Modern Manners for Christian Teens

Modern Manners for Christian Teens - Parenting Like HannahWhen your children are in their teens and twenties, you realize something important. All of those manners you tried to teach them can make the difference in how successful they are in their careers. Most parents don’t think about that as they proclaim “Keep your mouth closed when you chew” for the millionth time. Yet as someone who has participated in hiring decisions, how your children use their manners (or lack thereof) in the interview process can be the very thing which tips the hiring decision.

As a graduate of the “Miss Manners” generation, I was interested to read a “modern manners” book when offered the opportunity to review Modern Manners: Tools to Take You to the Top.
Imagine my surprise when the book arrived and I realized it was penned by Liv Tyler and her grandmother. Somehow the daughter of the Aerosmith rocker had become an expert in etiquette. My expectations for the book, admittedly unfairly, sank a bit.

Fortunately, Ms. Tyler’s grandmother did an excellent job training her granddaughter. The book was easy to understand and covered all of the basics. Etiquette books can become overwhelming from the sheer volume of information they feel the need to cover. The authors of this book did a great job in picking the most common situations and mistakes to cover and eliminating some of the more esoteric rules and situations.

Although billed as a book on business etiquette, I think it is perfect for tweens, teens and older to use in any situation. Granted, displaying good manners has a more immediate effect in the business world, but employing good manners everywhere can make a difference in all aspects of the lives of your children. This book will provide your children with all of the basic etiquette information they will need. The format is easy to read and even scan for last minute tips before attending a silverware laden meal to impress or other stressful situation.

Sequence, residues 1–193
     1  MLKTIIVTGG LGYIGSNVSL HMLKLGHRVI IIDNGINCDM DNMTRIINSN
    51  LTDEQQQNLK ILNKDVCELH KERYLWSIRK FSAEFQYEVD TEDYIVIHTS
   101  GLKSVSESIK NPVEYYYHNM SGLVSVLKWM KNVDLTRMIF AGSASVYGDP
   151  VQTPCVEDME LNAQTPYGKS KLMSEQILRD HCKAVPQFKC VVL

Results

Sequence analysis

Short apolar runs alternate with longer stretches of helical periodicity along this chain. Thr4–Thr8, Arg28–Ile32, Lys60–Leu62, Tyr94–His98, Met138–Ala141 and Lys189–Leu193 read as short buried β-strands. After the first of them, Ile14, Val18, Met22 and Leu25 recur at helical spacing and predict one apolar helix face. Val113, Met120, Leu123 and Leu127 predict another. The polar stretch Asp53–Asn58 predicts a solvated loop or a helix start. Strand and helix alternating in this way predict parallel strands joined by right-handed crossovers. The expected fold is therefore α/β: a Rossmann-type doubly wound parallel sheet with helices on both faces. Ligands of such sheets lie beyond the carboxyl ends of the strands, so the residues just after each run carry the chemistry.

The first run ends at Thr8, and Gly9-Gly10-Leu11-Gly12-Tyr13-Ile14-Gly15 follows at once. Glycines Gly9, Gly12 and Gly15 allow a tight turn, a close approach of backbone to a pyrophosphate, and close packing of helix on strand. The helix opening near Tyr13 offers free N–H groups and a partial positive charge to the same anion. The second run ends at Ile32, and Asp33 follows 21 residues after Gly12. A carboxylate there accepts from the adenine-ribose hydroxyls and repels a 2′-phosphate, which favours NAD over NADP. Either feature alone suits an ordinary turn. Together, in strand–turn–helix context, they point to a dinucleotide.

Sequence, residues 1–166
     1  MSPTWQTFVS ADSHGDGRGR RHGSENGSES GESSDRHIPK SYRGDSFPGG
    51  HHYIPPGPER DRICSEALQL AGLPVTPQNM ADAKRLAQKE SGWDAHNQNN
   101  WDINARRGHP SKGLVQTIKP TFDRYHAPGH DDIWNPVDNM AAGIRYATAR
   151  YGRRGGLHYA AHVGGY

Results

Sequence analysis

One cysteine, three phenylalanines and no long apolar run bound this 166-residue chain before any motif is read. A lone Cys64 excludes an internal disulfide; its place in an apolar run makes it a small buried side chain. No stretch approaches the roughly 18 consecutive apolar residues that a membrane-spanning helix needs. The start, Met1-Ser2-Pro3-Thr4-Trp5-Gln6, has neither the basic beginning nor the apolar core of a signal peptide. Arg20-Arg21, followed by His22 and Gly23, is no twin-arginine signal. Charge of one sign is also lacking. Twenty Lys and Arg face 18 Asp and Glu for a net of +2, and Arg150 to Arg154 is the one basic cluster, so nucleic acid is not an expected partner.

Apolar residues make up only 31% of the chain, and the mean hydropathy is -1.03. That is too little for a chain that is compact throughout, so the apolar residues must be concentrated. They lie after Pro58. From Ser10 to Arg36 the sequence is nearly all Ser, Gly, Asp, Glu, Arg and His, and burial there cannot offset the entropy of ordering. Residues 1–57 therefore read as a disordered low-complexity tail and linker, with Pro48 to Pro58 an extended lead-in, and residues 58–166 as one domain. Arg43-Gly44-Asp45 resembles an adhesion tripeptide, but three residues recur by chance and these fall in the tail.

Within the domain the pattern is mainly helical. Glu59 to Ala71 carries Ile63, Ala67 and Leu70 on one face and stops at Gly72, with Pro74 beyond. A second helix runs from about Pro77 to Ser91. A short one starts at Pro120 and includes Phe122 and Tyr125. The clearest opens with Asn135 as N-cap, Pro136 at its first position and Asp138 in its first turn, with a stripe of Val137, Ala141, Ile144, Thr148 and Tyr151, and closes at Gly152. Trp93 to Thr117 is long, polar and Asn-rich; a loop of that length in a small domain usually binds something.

I love the way the authors discuss a topic like introductions and then summarize it in tables and charts. It makes it easier to read in depth if you have the time and scan to review or to learn something quickly in an etiquette emergency. Ms. Tyler even inserts little text boxes from time to time, giving her personal insights and suggestions.

The best part of the book is that it covers modern etiquette topics like social media and cell phones at meals. She even throws in a fun game to keep people off of their phones while dining with others at restaurants. In fact, my only real criticism of the book is the illustrations. They felt dated to be in a book that in many ways updates etiquette for the new technology generation.

Although this is in no way a “Christian” book, it will teach your children some very important skills. Part of being a light to the world is treating people in loving ways. Christians should have the best possible manners. Great manners show our love and respect for the feelings of others. What a better way to open the hearts and minds of others to God than to demonstrate it to them in tangible ways.

If your child longs to be the ambassador to some nation or the protocol chief at the White House, this book will not cover enough situations to be helpful. If however, you want to help your children navigate life, school and career with manners and grace, this book is a great way to help them. I plan to share it with the young people in my life.

 

 

This book was given to me for free in return for my honest review.

 

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Fix these words of mine in your hearts and minds; tie them as symbols on your hands and bind them on your foreheads. Teach them to your children, talking about them when you sit at home and when you walk along the road, when you lie down and when you get up. (Deuteronomy 11:18-19 NIV)